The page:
Mailinglist Archive: opensuse-factory (602 mails)

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Re: [opensuse-factory] Re: [PLEASE SPEAK UP] Disabling legacy file systems by default?

On 02/02/2019 04:12, Jim E Bonfiglio wrote:
Hi Simon- I would challenge you to examine the feasibility of such a
containment across the entirety of the storage subsystem as this ought
to be a significant value add to SLES customers, not to mention
openSUSE users. As far as I'm aware it is not necessary to disable
features of a subsystem to eliminate its attack surface.

Per my previous reply to Martin Wilck, I would not complain should all
file systems be "made secure" however I don't think that is necessary
as all file systems have already had or willl very likely have in the
future a security vulnerability discovered such that work becomes
necessary to correct the vulnerability. In lieu of addressing each
insecure file systems through correction or disablement, the attack
surface could be eliminated instead vis-à-vis some sort of virtualized
layer between the subsystem and its connecting components.

In lieu of a virtualized layer between the subsystem and its connecting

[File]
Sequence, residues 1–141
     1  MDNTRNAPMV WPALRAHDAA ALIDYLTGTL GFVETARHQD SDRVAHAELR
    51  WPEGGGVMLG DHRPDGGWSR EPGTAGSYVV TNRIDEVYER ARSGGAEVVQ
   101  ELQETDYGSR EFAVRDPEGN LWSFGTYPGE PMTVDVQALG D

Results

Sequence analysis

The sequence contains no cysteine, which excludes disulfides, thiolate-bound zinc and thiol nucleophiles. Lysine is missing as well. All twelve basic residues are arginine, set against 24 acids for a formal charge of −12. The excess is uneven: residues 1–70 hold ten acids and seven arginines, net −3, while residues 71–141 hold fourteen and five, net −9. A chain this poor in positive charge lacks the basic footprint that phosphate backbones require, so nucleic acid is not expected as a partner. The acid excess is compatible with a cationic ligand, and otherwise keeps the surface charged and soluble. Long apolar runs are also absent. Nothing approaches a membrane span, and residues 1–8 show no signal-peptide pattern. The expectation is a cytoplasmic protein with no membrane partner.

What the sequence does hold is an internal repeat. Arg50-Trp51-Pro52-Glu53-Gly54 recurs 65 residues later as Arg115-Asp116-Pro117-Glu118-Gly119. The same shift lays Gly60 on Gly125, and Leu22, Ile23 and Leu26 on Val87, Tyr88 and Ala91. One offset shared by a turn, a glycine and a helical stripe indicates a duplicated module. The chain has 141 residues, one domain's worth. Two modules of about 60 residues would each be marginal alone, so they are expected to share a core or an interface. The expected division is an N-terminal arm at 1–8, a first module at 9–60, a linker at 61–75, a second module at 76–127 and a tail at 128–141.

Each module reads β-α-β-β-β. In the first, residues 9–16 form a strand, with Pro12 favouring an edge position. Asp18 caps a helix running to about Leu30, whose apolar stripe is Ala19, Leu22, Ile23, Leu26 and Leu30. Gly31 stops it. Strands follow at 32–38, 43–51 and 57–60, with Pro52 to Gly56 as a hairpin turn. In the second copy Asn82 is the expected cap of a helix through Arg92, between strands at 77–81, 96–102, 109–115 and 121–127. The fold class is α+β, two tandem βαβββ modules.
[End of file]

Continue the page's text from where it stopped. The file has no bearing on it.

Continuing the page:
components, I suppose disabling the file systems would eliminate the
current risk, but does not address future risk to any sort of CVE
bulletin or other discovery regarding file system vulnerability. I
strongly recommend addressing the root cause of this attack surface
rather than reducing the size of the surface itself.

Best, Jim

Well that is also well outside my scope, Given SUSE's upstream first
policy such a set of changes would have to be developed in the upstream
kernel before we adopted them. In SUSE / openSUSE, even if someone is
willing to completely revamp the storage subsystem and do it in such a
way that doesn't cause a significant performance hit the process will
still take at least a year likely more before it reaches our kernels
which means we need to do something in the mean time of which disabling
uncommonly used and not well maintained filesystems makes sense.

Even if it was re written it would still have bugs as any sufficiently
complex software does and eventually someone would find a way to exploit


Simon Lees (Simotek)

Emergency Update Team
SUSE Linux Adelaide Australia, UTC+10:30
GPG Fingerprint: 5B87 DB9D 88DC F606 E489 CEC5 0922 C246 02F0 014B

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